UK–Israel relations: 100 years since the Balfour Declaration

Today we are also secured by our ties in trade, investment, security, cooperation, technology and science, for the benefit of the peoples of both countries.

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September 10, 2017 02:31
4 minute read.
UK AND Israeli flags together at a march in London.

UK AND Israeli flags together at a march in London.. (photo credit: REUTERS)

A hundred years ago, British foreign secretary Arthur Balfour wrote a short letter to Lord Walter Rothschild, a leader of the British Jewish community, for transmission to the Zionist Federation of Great Britain and Ireland.

The Balfour Declaration was a seminal moment in the long history of Zionist activity and Jewish dreams of a return to their indigenous and ancestral homeland.

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Great Britain has played a long and varied, yet vitally important role in Jewish history and the reestablishment of Jewish sovereignty in the Land of Israel. Today, Britain is no longer an imperial power, nor an international super-power, yet it retains influence on the global stage proportionally far beyond its size or population.

Regarding Israel, the UK, as it straddles Europe, the Commonwealth and the Anglosphere is a vital bellwether in how much of the international community views its relations with the Jewish state.

Additionally, according to London and Partners, 40% of the world’s top companies with a regional or global HQ in Europe are in London, making it one the world’s most important financial hubs.

Much of what begins in the UK creates ripples across land and sea.

On the negative side, while the Arab League originated the boycott on Jews in Mandatory Palestine in 1945, the UK is considered the birthplace of the modern Boycott, Divestment and Sanctions (BDS) movement. The first academic boycott occurred in April 2005 when the Association of University Teachers (AUT ) Council in the UK voted to boycott the University of Haifa and Bar-Ilan University, and the first university to publicly back BDS was the SOAS University of London. Additionally, many of the BDS movement’s most prominent supporters are British.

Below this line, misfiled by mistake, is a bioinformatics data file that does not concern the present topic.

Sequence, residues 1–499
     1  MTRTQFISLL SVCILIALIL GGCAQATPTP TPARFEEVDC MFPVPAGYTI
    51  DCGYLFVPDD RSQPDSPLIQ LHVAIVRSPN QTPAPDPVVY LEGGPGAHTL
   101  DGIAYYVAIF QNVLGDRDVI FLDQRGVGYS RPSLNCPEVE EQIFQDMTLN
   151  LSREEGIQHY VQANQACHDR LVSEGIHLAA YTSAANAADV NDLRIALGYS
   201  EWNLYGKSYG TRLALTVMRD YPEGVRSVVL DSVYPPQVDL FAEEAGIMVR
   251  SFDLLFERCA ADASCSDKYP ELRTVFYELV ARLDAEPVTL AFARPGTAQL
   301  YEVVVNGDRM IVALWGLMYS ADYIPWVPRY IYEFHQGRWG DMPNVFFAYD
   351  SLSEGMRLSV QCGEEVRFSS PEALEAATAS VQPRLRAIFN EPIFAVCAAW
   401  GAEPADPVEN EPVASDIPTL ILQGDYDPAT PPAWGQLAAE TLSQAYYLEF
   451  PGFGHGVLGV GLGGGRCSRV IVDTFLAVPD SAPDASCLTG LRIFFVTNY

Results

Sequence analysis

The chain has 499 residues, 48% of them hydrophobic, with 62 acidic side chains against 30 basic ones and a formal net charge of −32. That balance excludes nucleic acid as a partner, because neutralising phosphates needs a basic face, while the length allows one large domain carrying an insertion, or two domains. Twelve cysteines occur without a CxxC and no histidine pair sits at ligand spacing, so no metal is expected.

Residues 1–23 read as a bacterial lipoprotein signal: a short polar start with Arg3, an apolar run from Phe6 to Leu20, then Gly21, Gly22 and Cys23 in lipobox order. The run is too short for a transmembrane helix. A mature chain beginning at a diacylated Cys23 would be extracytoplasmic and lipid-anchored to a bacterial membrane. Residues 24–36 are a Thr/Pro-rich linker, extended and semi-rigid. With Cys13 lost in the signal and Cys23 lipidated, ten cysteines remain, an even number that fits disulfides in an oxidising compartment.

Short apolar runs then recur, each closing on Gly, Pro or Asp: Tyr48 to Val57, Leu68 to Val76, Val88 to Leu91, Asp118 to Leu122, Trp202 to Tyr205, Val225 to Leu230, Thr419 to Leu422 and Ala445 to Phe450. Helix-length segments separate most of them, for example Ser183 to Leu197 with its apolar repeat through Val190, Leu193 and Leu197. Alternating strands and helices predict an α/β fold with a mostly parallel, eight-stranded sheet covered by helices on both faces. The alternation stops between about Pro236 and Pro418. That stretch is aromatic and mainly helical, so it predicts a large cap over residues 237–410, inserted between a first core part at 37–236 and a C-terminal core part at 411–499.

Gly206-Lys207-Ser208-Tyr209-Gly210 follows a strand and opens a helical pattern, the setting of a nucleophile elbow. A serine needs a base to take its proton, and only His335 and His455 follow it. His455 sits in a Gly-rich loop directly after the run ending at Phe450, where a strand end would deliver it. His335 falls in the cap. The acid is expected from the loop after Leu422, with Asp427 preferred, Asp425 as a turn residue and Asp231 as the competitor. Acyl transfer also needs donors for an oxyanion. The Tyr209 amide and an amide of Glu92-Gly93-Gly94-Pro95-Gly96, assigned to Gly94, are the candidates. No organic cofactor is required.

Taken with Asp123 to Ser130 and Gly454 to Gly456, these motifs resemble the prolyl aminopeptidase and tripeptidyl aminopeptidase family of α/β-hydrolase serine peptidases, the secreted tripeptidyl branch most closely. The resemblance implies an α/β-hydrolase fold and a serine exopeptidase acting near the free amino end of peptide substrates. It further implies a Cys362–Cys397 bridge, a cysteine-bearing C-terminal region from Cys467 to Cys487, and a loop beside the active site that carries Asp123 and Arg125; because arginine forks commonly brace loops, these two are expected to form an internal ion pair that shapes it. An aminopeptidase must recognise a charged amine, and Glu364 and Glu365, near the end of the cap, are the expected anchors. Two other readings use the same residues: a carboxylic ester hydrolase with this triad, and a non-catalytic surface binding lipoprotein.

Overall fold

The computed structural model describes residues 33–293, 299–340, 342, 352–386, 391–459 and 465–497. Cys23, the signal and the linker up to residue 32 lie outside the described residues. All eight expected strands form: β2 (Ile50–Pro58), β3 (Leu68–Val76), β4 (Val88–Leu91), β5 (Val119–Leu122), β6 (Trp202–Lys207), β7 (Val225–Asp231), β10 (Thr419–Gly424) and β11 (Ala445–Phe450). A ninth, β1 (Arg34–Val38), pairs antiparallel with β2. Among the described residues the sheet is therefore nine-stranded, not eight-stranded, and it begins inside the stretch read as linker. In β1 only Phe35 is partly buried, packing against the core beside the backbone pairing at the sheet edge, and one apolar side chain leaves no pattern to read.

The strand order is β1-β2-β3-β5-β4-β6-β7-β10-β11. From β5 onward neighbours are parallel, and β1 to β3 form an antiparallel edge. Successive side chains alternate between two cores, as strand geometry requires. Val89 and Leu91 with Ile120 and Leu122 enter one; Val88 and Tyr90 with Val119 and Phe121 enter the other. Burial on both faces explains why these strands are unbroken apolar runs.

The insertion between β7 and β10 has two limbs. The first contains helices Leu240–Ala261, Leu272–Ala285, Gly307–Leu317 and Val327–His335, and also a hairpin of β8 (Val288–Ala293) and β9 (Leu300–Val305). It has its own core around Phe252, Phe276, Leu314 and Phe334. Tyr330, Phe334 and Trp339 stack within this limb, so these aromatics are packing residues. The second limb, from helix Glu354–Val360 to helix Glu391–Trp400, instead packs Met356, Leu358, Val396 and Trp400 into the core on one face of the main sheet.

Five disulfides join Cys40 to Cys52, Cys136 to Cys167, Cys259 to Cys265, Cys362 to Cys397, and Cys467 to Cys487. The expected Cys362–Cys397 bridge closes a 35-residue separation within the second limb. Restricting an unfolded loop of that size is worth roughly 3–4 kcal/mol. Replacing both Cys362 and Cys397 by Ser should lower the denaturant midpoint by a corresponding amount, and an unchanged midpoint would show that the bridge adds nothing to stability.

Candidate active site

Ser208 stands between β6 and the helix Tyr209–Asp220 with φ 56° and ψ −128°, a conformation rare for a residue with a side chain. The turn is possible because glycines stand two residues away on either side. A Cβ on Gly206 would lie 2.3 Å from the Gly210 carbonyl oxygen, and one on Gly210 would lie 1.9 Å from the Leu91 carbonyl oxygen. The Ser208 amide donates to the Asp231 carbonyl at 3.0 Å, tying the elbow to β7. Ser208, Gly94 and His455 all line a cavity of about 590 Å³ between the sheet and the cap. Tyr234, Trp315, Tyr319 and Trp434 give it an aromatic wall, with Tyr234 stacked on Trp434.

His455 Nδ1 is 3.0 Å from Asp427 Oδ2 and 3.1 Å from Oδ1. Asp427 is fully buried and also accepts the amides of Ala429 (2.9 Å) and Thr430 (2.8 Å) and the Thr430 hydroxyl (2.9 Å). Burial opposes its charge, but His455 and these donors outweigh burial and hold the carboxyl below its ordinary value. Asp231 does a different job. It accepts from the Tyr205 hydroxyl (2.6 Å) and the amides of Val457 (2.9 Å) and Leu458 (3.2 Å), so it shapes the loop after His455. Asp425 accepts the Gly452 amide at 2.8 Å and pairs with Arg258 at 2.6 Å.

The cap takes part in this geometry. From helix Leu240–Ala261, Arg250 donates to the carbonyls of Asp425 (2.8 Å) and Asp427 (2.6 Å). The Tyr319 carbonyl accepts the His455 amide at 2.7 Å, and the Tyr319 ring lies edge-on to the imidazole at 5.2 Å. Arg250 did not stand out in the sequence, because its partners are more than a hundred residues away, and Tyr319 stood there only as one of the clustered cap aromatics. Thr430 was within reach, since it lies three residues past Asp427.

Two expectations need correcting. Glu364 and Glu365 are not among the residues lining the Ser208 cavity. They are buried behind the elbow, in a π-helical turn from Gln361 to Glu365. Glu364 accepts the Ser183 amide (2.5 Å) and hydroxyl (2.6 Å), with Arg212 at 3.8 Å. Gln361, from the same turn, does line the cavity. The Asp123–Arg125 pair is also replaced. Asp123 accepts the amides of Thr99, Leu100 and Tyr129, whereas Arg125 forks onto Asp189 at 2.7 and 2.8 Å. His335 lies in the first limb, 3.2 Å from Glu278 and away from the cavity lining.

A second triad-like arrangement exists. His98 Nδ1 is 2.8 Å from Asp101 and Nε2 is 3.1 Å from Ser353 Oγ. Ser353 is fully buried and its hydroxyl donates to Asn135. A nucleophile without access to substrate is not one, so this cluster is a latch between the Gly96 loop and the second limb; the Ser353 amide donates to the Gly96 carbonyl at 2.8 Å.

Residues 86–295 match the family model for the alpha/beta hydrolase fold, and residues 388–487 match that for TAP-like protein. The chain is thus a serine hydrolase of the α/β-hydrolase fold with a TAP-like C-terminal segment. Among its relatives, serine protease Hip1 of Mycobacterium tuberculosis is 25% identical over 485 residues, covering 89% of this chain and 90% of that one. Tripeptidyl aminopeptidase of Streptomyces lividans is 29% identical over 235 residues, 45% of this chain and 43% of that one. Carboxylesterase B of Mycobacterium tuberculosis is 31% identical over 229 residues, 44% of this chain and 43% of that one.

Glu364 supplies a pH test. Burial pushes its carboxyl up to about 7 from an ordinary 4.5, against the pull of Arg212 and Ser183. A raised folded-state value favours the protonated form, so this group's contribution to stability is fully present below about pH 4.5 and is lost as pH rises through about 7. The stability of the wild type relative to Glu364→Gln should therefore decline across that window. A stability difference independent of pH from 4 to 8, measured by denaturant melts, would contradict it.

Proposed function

However, the British government has acted appropriately against this malicious and antisemitic movement by stating that local governments and publicly funded institutions in the United Kingdom will be banned from participating in Israel boycotts. Publicly funded bodies affected by this ban include universities, councils, and National Health Service trusts.

On the positive side, the UK was one of the first countries to notice and invest significantly in Israel’s budding R&D industry. The pairing of Israeli technology and innovation and British investment has provided an important synergistic boost to both countries in the increasingly fierce international commercial and trade arenas. It also bolsters each country’s bid for global influence and recognition, both of which are integral to their respective economic successes.

This has resulted in many collaborations at the highest levels including agreements to create the UK Israel Tech Hub and the UK Israel Tech Council that have resulted in bringing together hundreds of companies from both countries resulting in dozens of business partnerships.

While both of these phenomena, BDS and the “start-up nation,” are well known to most Israelis, few understand the formative role played by the UK in these and many other areas which affect day to day activities in the Jewish state.

Furthermore, the British government was the first in the world to officially adopt a definition of antisemitism as agreed last May at a conference of the Berlin-based International Holocaust Remembrance Alliance (IHRA). This definition importantly includes examples of the ways in which antisemitism manifests itself with regard to the State of Israel, something on the increase around the world.

So, while the umbilical cord established by the British government’s support for the birth of a modern Jewish homeland was cut 100 years ago, the symbiotic relationship between our two nations lives on.

This is why we are inaugurating The Sir Naim Dangoor Center for UK-Israel Relations at Mishkenot Sha’ananim in memory of my father, who while a British citizen, had a great and enduring love for the State of Israel. He supported many projects in the fields of medicine and education in Britain and other countries around the world, including Israel.

Above all, he understood that the UK and Israel are two nations bound by common goals and a strong commitment to democracy and liberty.

However, today we are also secured by our ties in trade, investment, security, cooperation, technology and science, for the benefit of the peoples of both countries.

While Britain gave Israel its parliamentary system and invests heavily in its technological industry, Israel’s security industry saves British lives while its innovation is making Britain more healthy and advanced, affecting almost every aspect of our lives.

We should celebrate the centenary since the Balfour Declaration, an event that British Prime Minister Theresa May and many members of the opposition said they will mark with pride.

This is why I see an increasingly blossoming relationship between our two nations as we begin to look forward to the next 100 years.

The writer is a British businessman and philanthropist, president of Jewish Renaissance Magazine and until recently president of the board of The S&P Sephardi Community, the oldest Jewish community in the UK, spanning over 350 years. He will be inaugurating the Sir Naim Dangoor Center for UK-Israel Relations at Mishkenot Sha’ananim during an upcoming conference titled “From Balfour to Brexit.”


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